Collaboration Agreements: How to Avoid the “Joint Work” Rules, and Why It’s Almost Always Better to Have a Written Agreement

You’re in a studio together with two other people and a piano. One of you, by way of singing, presents a chorus – melody and lyrics – to the other two. Another one of you, sitting at a piano, fiddles around on the piano and eventually devises a chord progression for it. Yet another one of you presents a series of extensive lyrics, which end up becoming the verses. Within no time, the three of you have co-written a song. What are each person’s rights?

Any time that you create a copyrightable work with someone else – whether it’s co-writing a song, a play, or a treatment for a television series – a collaboration agreement should almost always be drafted and signed.

Collaboration agreements are agreements among co-authors, or co-creators, regarding several important points relating to the co-authors:

(1) Ownership. Who owns the co-authored work, and in what proportion? In other words, who owns the such that they can, among other things, license the work to others, or prepare derivative works based on the original co-authored work? If the of the co-authored work is registered, this will affect how it is registered.

(2) Right/Permission to Exploit. Who can exploit (e.g., sell or distribute) the co-authored work? For example, if the co-authored work is a song, can/will all the songwriters list and sell the song on Spotify, or can/will only one of them? Or, will a third party be allowed do this on behalf of songwriters?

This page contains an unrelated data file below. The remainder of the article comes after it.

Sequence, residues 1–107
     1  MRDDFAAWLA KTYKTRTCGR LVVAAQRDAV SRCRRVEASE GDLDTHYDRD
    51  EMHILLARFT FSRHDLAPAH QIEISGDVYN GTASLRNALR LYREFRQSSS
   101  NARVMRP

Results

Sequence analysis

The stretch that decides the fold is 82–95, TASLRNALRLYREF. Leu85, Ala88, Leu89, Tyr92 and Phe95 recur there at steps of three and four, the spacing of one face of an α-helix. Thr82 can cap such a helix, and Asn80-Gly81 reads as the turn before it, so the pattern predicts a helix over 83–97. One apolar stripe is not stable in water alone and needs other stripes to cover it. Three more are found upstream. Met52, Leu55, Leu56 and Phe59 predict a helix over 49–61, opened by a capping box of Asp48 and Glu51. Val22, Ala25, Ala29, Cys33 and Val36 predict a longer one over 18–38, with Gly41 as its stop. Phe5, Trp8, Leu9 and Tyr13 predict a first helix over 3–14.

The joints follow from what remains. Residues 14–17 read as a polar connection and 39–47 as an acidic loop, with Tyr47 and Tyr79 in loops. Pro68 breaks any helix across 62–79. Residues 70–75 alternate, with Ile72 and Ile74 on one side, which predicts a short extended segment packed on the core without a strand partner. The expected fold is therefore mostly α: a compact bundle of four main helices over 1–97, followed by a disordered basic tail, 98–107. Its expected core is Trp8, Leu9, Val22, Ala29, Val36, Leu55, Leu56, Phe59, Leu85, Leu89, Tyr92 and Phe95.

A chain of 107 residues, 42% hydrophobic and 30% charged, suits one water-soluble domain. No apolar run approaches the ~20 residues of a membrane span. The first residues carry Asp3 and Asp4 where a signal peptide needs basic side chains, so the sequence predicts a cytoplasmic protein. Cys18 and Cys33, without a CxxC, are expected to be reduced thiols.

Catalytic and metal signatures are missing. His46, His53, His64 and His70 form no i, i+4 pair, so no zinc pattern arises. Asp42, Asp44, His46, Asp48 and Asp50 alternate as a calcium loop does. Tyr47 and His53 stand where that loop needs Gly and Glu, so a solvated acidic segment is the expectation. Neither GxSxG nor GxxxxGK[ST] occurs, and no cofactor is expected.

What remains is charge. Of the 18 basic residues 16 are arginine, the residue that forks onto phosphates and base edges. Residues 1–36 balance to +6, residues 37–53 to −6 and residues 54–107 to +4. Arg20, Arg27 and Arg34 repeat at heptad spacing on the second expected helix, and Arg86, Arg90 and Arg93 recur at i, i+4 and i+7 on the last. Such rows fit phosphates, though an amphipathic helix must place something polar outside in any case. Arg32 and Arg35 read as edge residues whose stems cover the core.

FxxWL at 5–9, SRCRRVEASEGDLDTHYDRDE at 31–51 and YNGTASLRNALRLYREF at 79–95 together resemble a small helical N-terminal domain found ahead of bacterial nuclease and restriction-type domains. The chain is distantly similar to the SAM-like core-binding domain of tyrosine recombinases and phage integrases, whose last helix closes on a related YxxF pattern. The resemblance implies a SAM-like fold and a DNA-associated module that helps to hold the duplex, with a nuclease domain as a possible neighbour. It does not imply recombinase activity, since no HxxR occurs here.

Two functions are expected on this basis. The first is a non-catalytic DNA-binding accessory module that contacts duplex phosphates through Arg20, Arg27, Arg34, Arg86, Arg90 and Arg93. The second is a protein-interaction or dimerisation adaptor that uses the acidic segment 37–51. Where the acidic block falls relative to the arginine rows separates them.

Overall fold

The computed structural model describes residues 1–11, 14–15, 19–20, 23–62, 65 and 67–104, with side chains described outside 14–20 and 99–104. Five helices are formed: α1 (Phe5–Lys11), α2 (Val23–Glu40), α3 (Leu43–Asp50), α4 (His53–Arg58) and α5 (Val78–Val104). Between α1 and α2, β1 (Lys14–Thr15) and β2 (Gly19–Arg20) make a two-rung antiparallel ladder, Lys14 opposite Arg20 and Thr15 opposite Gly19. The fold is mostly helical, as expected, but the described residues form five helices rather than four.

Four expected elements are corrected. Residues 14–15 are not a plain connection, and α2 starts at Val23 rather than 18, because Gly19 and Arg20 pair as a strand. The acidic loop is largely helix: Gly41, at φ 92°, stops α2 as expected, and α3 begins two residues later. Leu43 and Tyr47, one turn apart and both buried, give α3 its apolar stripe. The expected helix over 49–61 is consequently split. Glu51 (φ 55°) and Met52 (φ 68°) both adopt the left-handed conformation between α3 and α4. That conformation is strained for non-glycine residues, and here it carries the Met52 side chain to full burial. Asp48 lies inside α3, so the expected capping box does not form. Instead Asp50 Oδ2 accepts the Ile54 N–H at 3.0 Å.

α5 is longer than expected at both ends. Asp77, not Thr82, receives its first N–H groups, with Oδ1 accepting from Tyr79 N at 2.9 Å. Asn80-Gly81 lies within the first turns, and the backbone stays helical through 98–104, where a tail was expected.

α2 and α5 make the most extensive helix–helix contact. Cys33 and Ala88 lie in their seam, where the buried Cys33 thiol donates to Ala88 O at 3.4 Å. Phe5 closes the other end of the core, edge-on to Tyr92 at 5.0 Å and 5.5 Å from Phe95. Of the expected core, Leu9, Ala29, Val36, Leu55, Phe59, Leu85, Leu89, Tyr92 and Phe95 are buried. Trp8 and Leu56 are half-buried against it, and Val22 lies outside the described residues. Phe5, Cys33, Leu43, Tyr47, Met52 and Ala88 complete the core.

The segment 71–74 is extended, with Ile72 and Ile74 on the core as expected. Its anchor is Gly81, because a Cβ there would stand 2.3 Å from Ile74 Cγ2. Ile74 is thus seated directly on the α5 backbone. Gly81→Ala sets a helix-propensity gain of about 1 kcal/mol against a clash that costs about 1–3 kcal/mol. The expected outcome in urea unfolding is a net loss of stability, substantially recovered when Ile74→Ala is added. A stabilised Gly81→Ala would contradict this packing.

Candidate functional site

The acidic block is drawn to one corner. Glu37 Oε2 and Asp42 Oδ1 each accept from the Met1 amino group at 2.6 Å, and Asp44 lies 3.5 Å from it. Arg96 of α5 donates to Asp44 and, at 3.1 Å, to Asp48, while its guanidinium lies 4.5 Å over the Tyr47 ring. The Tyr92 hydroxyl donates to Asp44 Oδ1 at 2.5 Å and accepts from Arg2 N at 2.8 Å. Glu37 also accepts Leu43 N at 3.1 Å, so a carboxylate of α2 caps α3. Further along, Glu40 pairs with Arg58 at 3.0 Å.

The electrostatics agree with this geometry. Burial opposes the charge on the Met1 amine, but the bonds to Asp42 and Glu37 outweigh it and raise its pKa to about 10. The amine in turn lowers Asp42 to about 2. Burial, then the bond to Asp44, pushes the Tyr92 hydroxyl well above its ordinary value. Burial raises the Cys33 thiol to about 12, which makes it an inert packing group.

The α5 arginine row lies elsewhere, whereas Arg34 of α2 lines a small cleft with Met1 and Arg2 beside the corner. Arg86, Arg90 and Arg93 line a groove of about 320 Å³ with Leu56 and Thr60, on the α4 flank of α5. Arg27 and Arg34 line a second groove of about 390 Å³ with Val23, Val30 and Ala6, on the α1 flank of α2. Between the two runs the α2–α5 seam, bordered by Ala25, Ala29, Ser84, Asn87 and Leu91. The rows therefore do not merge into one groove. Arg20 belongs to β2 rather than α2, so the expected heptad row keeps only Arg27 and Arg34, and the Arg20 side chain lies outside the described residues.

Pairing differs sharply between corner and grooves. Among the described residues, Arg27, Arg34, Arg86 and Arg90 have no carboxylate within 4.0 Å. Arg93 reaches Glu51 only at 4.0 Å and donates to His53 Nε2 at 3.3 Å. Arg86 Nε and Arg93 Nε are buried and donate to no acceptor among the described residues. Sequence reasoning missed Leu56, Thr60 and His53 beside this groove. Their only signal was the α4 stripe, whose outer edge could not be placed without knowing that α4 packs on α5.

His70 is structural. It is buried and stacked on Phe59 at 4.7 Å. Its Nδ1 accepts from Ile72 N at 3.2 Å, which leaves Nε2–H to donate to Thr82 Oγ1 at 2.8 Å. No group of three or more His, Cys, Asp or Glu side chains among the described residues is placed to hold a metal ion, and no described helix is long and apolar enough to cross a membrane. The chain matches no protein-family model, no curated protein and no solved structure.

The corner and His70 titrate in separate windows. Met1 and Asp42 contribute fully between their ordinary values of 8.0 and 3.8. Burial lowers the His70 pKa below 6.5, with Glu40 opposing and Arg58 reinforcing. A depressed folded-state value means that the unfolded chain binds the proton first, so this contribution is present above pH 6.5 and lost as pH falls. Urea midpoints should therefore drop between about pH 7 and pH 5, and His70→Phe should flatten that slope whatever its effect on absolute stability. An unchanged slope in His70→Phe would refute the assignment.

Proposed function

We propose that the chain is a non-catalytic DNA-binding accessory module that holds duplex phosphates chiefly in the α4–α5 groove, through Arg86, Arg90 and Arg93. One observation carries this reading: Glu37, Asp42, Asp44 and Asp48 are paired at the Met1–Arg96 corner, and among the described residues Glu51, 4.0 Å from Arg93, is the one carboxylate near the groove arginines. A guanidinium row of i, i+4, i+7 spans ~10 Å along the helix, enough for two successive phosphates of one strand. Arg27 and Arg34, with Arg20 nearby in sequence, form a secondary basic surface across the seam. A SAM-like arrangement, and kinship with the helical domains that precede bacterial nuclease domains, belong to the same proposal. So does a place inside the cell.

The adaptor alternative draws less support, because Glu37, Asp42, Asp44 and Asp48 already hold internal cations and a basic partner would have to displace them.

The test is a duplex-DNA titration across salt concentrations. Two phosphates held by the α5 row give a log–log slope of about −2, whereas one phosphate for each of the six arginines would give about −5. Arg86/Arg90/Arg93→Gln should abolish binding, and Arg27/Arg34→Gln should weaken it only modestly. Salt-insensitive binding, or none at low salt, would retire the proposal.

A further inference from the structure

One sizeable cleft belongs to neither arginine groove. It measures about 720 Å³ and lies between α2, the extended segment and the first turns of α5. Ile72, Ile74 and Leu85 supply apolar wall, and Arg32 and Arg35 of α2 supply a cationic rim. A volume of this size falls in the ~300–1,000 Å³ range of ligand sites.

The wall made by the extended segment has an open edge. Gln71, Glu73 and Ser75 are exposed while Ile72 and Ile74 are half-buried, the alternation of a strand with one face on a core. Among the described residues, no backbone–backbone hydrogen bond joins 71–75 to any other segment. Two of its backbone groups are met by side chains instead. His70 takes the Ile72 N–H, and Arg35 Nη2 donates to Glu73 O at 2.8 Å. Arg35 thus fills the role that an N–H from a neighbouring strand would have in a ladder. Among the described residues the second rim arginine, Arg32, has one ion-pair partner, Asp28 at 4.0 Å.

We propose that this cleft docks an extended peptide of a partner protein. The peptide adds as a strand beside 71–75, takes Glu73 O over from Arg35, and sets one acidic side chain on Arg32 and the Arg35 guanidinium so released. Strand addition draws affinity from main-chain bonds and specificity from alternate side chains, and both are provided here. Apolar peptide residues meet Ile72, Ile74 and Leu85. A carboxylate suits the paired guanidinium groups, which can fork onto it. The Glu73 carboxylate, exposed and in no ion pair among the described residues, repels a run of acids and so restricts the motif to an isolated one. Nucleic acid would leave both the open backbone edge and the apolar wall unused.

(3) Royalties. What percentage of royalties is each co-author entitled to when the work is sold or licensed? This is very often, but not always, congruent to proportion. (In songwriting, for example, traditionally, a document is drafted that addresses this for the songwriters, known as a “split sheet.”) Additionally, if there were expenses in creating the work which one of the co-authors paid, a recoupment of the expenses to that co-author can be addressed. (For example, if one of the songwriters in the above example paid $100 for the studio time for all three songwriters, then perhaps that songwriter would be paid back his or her $100 first, from any exploitation or money made, before any royalties are split.) Further, how often will royalties be paid (e.g., quarterly, bi-annually)? In what form will payment be sent? Will the payment include a written statement? All of this can be addressed and specifically clarified in a collaboration agreement.

(4) Credit. How will each co-author be credited (or perhaps not credited) on distributions of the work? (One example of when this is particularly important is when a book is co-authored by a ghostwriter.)

(5) Final Approval. If the collaboration agreement is being entered into prior to the creation of the work (this is often the case with larger-budget works, i.e., television shows, films, and budgeted music albums), the agreement can address which of the co-authors has final approval of the work (i.e., which of the raw footage, or “takes,” shall constitute the final version of the work).

First of all, this happens all the time. Co-authors often jointly create works without a written agreement. In the depiction presented above, unless they are professional songwriters, it is not typically the first thing on the minds of each of the three songwriters in the studio that they should have a collaboration agreement (and even less commonly that all have the same thoughts regarding the terms of such an agreement, particularly as the work is being created)!

Unless and until you have a collaboration agreement, so long as the co-authors intended their contributions to be merged into a single work in creating the work, the work is considered a “joint work” – and thus, the “joint work” rules apply.

Under the United States Act, a “joint work” is defined as “a work prepared by two or more authors with the intention that their contributions be merged into inseparable or interdependent parts of a unitary whole.”